Of course, I realize that we can’t change the opinion of someone with a disability who’s extreme enough in his or her views that he or she criticizes or protests disability awareness. However, it is regretful that such individuals strive to defeat others’ good efforts, especially since we know that disability awareness programs work. In my own case, I’ve seen the positive effects first-hand that disability awareness programs bring in my working with thousands of Boy Scouts this past summer. Among the most touching results that I’ve witnessed is that I’m currently involved with several Eagle Scout candidates around the country who, based on going through the disability awareness program, switched their Eagle Scout projects toward efforts that serve the disability community – that’s a very real impact. Indeed, as I’ve witnessed time after time, it’s through disability awareness that individuals see less of a disability and more of a person in the end – and such powerful results should be fostered and pursued, not criticized and protested.

Come to think of it, maybe the critics with disabilities who don’t understand the importance of disability awareness programs need to attend a sort of disability awareness program of their own, where they learn that it’s not the wisest effort to protest oneself.

I’m Going to Eat Your Heart

By Mark E. Smith

One couldn’t say that I have an anger management problem by any stretch. In fact, I’m among the easiest-going, happy-go-lucky guys around – very little ruffles my feathers. But, that doesn’t mean that I’m not fearless – arguably to an absurd point – where I won’t grab a guy by the shirt who’s being a jerk in public, welcoming a little scrap with another dude when called for.

I’m sure that my brother helped instill fearless bravado in me when we were growing up. After all, it makes no intrinsic sense for me, as a guy with cerebral palsy, using a power wheelchair, to be the one guy in a scene to grab a jerk by the collar, pull him into my spit-firing, vein-bulging face, and tell him in words that I can’t use here that if he doesn’t settle down, I’m going to rip off his limbs and eat his heart while it’s still beating. See, my brother and I are six days less than a year apart, and we were raised very much like twins, right down to always having the same clothes and toys. In a psychoanalytic way looking back, I think that we were both always trying to distinguish ourselves from each other – and that included via never-ending brotherly brawls.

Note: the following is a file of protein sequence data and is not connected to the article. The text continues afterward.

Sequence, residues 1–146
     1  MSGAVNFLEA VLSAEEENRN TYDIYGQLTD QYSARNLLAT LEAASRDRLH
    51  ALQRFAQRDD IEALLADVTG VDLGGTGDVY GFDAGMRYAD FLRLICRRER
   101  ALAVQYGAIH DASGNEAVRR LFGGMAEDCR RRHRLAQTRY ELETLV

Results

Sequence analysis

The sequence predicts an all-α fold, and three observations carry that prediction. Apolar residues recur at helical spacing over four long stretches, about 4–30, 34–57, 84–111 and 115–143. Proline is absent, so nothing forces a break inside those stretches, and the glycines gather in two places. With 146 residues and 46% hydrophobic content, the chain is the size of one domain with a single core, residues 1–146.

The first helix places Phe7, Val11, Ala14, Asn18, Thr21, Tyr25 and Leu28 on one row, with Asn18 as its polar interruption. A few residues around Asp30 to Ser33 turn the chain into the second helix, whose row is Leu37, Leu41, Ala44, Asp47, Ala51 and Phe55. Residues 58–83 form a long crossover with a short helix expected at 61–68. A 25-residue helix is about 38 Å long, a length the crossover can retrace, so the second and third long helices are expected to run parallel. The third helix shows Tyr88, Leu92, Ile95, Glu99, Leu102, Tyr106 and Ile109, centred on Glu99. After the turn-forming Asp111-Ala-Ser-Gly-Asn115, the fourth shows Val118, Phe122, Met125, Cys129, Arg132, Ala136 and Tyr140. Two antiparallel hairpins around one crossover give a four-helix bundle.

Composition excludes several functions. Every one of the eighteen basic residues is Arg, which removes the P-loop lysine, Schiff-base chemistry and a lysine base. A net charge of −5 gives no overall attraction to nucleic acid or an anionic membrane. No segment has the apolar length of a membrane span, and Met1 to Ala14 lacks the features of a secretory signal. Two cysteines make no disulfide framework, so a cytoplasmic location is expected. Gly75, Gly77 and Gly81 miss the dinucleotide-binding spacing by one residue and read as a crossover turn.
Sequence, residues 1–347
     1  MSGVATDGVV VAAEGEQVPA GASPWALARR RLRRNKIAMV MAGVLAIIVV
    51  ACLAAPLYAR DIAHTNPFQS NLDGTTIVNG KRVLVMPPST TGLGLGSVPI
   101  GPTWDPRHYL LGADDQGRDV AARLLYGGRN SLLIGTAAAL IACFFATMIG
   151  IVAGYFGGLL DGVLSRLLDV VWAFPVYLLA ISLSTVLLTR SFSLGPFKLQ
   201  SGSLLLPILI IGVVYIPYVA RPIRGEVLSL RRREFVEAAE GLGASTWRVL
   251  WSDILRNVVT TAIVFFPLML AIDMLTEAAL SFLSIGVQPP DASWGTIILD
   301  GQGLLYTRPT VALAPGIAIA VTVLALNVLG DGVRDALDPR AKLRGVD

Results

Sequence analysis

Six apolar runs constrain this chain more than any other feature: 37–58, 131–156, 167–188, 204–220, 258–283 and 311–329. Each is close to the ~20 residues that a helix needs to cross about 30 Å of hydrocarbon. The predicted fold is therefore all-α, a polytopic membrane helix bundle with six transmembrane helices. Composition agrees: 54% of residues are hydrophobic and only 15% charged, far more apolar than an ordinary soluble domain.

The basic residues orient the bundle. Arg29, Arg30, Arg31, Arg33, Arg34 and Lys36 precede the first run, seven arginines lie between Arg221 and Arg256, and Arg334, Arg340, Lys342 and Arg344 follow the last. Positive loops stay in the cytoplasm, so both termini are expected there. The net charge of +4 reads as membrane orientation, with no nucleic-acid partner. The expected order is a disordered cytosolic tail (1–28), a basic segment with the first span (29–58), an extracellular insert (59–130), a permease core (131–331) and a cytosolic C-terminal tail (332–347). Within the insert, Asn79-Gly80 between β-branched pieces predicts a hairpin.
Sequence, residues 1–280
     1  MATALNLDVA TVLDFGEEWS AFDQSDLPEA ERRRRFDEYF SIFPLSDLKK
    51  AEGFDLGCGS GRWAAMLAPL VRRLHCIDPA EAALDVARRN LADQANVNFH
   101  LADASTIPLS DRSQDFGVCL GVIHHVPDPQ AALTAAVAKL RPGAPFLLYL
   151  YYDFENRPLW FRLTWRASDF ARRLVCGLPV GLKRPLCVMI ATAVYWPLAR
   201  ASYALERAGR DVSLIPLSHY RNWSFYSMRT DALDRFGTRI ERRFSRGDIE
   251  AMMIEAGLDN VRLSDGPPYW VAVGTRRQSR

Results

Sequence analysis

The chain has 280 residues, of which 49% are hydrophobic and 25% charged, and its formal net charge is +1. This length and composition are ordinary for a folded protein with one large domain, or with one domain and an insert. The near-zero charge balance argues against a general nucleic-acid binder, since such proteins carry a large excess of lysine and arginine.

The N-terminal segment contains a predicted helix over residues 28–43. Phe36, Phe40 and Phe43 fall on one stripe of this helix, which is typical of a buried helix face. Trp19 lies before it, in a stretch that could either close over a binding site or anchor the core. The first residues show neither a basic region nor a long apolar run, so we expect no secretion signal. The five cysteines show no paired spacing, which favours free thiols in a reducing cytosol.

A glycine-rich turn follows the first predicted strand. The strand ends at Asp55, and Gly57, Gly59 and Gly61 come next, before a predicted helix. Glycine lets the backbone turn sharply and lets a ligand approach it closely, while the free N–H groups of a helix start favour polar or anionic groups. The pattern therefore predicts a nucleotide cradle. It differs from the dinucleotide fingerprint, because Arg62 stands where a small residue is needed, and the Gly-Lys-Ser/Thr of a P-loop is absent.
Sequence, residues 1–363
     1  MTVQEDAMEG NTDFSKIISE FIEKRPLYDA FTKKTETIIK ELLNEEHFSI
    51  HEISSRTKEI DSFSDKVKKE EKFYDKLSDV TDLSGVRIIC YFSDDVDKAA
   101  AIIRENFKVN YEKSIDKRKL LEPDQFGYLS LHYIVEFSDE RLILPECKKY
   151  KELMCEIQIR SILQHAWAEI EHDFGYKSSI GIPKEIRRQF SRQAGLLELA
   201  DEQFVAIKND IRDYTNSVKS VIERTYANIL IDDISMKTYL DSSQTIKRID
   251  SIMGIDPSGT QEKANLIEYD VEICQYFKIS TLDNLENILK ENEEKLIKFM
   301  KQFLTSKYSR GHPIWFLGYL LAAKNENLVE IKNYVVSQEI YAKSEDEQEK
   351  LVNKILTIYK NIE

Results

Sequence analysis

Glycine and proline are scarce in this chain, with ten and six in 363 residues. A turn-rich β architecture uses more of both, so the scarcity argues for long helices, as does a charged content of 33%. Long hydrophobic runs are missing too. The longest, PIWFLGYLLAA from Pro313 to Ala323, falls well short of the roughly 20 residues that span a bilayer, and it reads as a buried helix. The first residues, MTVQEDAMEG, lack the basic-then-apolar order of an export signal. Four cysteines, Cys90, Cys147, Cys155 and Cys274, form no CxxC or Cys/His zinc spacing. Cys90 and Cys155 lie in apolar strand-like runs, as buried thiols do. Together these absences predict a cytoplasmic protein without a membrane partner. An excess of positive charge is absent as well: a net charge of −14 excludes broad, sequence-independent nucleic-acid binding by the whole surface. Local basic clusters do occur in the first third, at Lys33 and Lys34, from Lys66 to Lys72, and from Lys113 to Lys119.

For better or for worse, it never seemed to matter that I had cerebral palsy and my brother didn’t – when we fought, we really fought. In no mixing terms, we beat the heck out of each other, both playing on our strengths, as well as the other’s vulnerabilities. He knew that he could punch me and run, and as long as I couldn’t catch him, he would win, leaving me with a black eye, busted lip, or such. Yet, I knew that if I got my hands on him, he wasn’t getting away – I’d throw my good, strong right arm around his neck, and try to choke the life out of him. I know that child psychologists frown upon sibling rivalries nowadays – and I don’t tolerate such violence among the kids in my own family, where I’m always reprimanding my two nephews for antagonizing each other – but, when my brother and I were kids, duking it out seemed par for the course.

As adults, my brother and I laugh about it all now, and joke about how inherently bold it made both of us. After all, in my brother’s case, if he’s beat-up a kid with cerebral palsy, that’s probably not a guy scared of punching just about anyone. And, in my case, as a kid with cerebral palsy raised to give and take punches, an absurd fearless toward fist-to-cuffs has stuck with me, as well. In fact, my buddy, Jeff, and I inadvertently ended up in the front row of a concert not too long ago, and when the drunk idiots around us started going nuts, bumping into me, I started swinging. Jeff seemed a bit concerned at first, but once I grabbed and punched a few people – and the crowd figured out to stay away from this guy in a power wheelchair – Jeff seemed a bit reassured that I wasn’t going to get us killed. I suppose people figured that if I was crazy enough to be in a mosh pit in a wheelchair, swinging on people, they should probably just stay away from me.